The dawn of biohybrid robotics is here.
The new field of biohybrid robotics involves the use of living tissue amalgamated with robotic structures. Muscle is one such potential component of these robots, hopefully providing independent energy for movement and function. However, in efforts to integrate living muscle into these machines, there have been problems with the power these muscles exert and their rapid deterioration. Now, a study from researchers at the University of Tokyo develops a new method which progresses individual muscle precursor cells to fully functioning skeletal muscle tissues. The team state they incorporated these muscles into a biohybrid robot as antagonistic pairs mimicking those in the body and continued muscle function for over a week. The study is published in the journal Science Robotics.
Previous studies show rapid progress in biohybrid robotics with skeletal muscle tissues formed on a flexible substrate enabling various types of locomotion powered by muscle tissue. However, it has been difficult to achieve high levels of both large and long-term actuations of the skeletal muscle tissues because of their spontaneous shrinkage through the course of the tissue culture. The current study amalgamates skeletal muscle with a robotic substrate to perform task whilst mimicking a human movement.
The current study constructs a robotic skeleton on which to install the pair of functioning muscles. For the living muscle part of the robot the lab used hydrogel sheets containing muscle precursor cells called myoblasts, holes to attach these sheets to the robot skeleton anchors, and strips to encourage the muscle fibers to form in an aligned manner. Results show that the muscle fibers successfully act as antagonistic pairs in the robot, with one contracting and the other expanding, just like in the body. Data findings show as they exert opposing forces on each other they don’t shrink and/or deteriorate.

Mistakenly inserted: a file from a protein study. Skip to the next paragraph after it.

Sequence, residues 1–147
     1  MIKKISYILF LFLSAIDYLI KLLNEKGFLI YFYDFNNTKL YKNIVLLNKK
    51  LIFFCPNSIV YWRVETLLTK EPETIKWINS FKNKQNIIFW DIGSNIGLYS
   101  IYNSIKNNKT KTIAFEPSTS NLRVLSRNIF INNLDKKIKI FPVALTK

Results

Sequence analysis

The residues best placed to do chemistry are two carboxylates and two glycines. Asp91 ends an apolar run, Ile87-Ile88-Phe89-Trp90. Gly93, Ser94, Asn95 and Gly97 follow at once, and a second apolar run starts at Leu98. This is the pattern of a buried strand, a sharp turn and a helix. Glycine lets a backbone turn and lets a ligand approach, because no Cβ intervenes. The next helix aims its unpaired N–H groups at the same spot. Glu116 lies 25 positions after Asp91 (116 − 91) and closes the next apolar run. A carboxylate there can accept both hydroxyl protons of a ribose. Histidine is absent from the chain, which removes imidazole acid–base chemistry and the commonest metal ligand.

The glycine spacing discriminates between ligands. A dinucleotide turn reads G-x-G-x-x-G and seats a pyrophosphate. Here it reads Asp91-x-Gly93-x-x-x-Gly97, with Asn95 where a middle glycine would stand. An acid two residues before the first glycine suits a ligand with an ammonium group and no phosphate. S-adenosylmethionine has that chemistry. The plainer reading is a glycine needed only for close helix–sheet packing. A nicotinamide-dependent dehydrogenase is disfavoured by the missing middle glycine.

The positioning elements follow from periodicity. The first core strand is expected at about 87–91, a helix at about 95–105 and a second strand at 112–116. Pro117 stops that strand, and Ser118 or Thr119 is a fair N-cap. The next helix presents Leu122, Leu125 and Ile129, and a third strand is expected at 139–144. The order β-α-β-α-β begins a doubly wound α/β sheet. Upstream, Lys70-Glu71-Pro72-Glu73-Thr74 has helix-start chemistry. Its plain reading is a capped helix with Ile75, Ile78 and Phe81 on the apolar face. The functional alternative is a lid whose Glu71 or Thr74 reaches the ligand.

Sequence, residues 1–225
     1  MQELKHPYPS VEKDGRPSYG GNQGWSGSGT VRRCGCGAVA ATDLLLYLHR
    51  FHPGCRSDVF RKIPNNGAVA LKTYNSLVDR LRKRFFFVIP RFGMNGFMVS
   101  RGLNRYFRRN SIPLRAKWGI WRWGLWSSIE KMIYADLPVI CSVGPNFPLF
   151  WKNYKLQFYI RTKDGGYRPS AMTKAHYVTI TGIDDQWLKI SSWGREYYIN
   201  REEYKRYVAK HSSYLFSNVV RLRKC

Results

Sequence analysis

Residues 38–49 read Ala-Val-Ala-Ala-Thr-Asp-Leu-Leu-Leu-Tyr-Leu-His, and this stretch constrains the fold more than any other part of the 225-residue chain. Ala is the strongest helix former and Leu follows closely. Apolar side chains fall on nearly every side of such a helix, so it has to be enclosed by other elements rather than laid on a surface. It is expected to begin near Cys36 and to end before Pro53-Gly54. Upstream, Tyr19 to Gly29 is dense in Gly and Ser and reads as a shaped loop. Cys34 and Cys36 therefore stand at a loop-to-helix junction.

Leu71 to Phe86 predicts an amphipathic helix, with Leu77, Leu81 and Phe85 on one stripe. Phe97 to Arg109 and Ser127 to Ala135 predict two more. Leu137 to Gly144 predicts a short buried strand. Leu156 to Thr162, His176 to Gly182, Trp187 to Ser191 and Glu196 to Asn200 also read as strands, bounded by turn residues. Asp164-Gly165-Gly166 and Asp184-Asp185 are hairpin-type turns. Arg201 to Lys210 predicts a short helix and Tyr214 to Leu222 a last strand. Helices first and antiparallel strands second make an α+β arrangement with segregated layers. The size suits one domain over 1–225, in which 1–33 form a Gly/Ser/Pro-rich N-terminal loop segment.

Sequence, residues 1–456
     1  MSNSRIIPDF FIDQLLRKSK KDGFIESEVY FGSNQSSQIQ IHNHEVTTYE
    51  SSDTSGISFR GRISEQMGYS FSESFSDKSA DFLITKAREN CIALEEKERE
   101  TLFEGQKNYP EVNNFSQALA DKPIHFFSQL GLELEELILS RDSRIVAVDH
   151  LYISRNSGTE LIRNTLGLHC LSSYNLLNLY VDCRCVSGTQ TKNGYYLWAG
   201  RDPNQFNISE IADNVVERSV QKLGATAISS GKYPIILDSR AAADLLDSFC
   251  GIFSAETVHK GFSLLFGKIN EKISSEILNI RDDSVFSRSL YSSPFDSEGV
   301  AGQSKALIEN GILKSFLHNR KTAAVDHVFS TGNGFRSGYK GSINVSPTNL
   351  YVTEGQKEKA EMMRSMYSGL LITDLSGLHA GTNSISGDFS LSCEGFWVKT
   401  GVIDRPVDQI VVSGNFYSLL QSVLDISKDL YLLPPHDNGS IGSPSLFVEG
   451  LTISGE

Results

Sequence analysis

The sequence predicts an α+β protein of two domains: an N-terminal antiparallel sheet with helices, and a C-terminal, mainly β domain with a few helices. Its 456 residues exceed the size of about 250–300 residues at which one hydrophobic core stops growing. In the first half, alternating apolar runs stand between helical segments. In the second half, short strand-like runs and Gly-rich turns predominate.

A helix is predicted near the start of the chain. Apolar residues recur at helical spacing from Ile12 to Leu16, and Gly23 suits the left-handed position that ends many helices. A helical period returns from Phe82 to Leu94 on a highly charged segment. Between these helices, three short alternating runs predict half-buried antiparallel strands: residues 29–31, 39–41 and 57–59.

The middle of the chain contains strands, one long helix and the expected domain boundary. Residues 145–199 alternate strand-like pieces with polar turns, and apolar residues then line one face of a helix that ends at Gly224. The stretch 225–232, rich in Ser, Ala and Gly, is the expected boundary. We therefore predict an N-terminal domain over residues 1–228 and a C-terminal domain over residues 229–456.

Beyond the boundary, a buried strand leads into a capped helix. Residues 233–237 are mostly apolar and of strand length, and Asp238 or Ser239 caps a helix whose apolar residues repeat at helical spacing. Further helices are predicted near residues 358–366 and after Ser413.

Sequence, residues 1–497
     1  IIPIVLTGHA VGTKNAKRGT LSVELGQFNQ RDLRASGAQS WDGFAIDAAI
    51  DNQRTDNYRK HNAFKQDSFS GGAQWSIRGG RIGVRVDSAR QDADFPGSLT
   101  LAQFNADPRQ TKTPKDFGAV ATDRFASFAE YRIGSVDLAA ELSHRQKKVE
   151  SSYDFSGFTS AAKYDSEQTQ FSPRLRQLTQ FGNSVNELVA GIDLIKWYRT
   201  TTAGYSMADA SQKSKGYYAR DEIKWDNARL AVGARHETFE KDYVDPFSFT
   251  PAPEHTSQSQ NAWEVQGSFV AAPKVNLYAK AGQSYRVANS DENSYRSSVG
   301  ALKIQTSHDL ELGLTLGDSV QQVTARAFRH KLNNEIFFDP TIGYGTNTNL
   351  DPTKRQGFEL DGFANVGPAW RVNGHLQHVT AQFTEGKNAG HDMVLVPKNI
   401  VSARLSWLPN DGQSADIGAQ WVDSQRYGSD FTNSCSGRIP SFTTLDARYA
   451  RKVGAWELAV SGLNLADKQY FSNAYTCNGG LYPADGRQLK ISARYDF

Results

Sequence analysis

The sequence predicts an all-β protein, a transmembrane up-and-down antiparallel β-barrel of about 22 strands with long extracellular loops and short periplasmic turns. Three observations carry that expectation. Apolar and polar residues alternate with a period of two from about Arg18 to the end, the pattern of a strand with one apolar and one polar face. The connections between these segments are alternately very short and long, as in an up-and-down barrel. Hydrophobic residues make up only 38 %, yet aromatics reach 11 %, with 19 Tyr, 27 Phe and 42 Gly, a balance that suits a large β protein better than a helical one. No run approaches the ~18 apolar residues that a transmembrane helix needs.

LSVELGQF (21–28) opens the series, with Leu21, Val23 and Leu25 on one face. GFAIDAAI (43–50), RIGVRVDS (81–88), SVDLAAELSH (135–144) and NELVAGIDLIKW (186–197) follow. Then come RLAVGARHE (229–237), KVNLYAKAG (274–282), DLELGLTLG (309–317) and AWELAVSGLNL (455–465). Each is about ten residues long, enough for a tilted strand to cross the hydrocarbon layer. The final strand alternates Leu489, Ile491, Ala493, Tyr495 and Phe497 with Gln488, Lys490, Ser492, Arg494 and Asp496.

The team also tested the robots in different applications, including having one pick up and place a ring, and having two robots work in unison to pick up a square frame. Results show the robots perform these tasks well, with activation of the muscles leading to flexing of a finger-like protuberance at the end of the robot by around 90°. Data findings show that, using this antagonistic arrangement of muscles, these robots can mimic the actions of a human finger.
The team surmise they have developed a biohybrid robot powered by an antagonistic pair of skeletal muscle tissues which successfully demonstrated the biomimetic manipulation of objects. For the future, the researchers state that if they can combine more of these muscles into a single device, it should be possible to reproduce the complex muscular interplay which allow hands, arms, and other parts of the body to function.